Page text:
Title

Sympathetic Sibling Disc Herniation: A Case Report

Document Type

Conference Proceeding

Publication Date

11-19-2021

Publication Title

PM & R

Abstract

Case Diagnosis: Sympathetic Sibling Disc Herniation: a case report Case Description: The first patient presented at 20 years old (2018) after transient episode of left leg pain which resolved spontaneously. A year later while walking on treadmill, he spontaneously had radicular right-sided pain in L5-S1 distribution. He denied red flag symptoms including bowel/bladder changes or saddle anesthesia. He developed progressive neurologic deficits which led to MRI L-spine showing L5-S1 central disc extrusion with severe narrowing. The above patient’s younger sister presented at 16 years old (2019) with radicular LBP. She initially went to chiropractor with improvement. Radiographs of lumbosacral spine showed mild degenerative disc disease at L4-5, L5-S1. A few months later, she had acutely worsening LBP after field hockey practice while reaching for a ball, but no other trauma. She had pain in right posterior thigh without paresthesias or weakness. She trialed conservative management with steroids, muscle relaxers, and PT, and temporary cessation from sports. Symptoms didn’t improve; MRI showed large central posterior disc herniations at L4-5, L5-S1, most severe at L5-S1. Of note, a cousin frequently in close proximity to the siblings developed the same symptoms. She too failed conservative management and MRI L-spine showed L5-S1 disc herniation; she ultimately underwent L5-S1 bilateral discectomy. Setting: Tertiary care hospital Assessment/Results: The first patient underwent posterior L5-S1 bilateral discectomy. The second underwent L5-S1 lumbar microdiscectomy. Both had complete resolution of symptoms afterwards. Discussion: Symptomatic lumbar disc herniation is rare in children. These cases illustrates an unusual pathology in adolescents, but is more peculiar given there was no clear inciting event and the closeness in time frame of acute onset. Conclusion: Studies suggest possible inheritable predisposition for development in first-degree relatives. These cases highlight a possible genetic component causing herniation at a young age, but further studies should investigate alternative variables such as environmental or emotional factors that are underrecognized. Level of Evidence: Level IV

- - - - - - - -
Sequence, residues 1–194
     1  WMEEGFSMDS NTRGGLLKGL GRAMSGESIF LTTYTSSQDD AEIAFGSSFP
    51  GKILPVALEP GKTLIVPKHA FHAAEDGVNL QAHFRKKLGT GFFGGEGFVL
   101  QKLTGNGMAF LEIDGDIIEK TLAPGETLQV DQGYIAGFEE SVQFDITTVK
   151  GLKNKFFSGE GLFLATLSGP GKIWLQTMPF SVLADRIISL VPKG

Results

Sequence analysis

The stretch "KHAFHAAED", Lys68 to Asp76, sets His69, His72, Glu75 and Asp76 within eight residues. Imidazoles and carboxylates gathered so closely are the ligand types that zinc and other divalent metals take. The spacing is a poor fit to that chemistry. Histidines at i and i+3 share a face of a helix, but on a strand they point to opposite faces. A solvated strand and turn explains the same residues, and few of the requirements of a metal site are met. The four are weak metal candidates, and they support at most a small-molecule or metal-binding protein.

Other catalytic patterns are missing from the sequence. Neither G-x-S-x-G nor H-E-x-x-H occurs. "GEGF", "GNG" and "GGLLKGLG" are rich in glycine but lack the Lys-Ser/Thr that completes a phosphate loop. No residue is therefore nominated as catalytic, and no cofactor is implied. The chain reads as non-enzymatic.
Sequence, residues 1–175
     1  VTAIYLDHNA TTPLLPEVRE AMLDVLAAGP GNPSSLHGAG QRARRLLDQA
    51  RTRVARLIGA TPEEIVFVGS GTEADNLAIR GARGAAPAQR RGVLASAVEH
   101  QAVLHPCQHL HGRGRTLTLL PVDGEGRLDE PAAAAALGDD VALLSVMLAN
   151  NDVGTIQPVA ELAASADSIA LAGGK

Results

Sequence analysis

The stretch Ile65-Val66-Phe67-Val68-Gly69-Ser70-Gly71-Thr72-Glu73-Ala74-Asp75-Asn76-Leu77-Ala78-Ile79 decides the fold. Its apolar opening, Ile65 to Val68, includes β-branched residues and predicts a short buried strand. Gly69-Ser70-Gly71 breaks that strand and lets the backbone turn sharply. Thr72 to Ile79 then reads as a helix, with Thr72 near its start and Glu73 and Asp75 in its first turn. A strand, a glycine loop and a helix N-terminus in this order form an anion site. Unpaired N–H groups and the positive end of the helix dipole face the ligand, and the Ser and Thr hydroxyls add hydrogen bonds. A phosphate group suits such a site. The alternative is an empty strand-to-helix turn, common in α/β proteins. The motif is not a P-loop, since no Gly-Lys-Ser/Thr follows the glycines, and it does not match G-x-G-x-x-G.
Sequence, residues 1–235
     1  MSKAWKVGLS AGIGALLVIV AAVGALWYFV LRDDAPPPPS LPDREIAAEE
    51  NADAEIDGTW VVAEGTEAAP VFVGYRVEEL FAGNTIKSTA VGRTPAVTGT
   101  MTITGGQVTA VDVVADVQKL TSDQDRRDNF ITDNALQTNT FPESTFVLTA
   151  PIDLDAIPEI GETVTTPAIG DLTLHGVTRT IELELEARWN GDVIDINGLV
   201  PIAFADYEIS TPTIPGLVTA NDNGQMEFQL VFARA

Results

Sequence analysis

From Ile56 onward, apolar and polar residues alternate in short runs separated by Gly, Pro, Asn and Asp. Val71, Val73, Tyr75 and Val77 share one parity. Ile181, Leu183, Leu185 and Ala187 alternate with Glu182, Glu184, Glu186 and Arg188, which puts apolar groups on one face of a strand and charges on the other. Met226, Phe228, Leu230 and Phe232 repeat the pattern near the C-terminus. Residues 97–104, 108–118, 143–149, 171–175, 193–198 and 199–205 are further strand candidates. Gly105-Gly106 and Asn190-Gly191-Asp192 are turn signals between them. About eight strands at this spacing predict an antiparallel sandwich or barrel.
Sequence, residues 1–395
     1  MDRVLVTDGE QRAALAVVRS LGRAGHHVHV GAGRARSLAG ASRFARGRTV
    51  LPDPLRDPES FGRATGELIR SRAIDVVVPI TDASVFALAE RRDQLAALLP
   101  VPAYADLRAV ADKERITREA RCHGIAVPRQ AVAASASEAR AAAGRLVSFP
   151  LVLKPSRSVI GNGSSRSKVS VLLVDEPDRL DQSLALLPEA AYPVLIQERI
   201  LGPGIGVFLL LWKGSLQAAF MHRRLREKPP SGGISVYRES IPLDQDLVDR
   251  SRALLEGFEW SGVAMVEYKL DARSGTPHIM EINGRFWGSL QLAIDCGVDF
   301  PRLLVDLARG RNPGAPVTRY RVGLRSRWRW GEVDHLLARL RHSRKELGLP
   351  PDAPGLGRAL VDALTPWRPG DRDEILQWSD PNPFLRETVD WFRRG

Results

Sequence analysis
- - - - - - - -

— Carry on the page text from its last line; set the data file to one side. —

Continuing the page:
Volume

13

Issue

S1

First Page

S102

Comments

Academy of Physical Medicine. 2021 AAPM&R Annual Assembly. November 11-14, 2021. Virtual. Abstract.

Last Page

S102

DOI

10.1002/pmrj.12735

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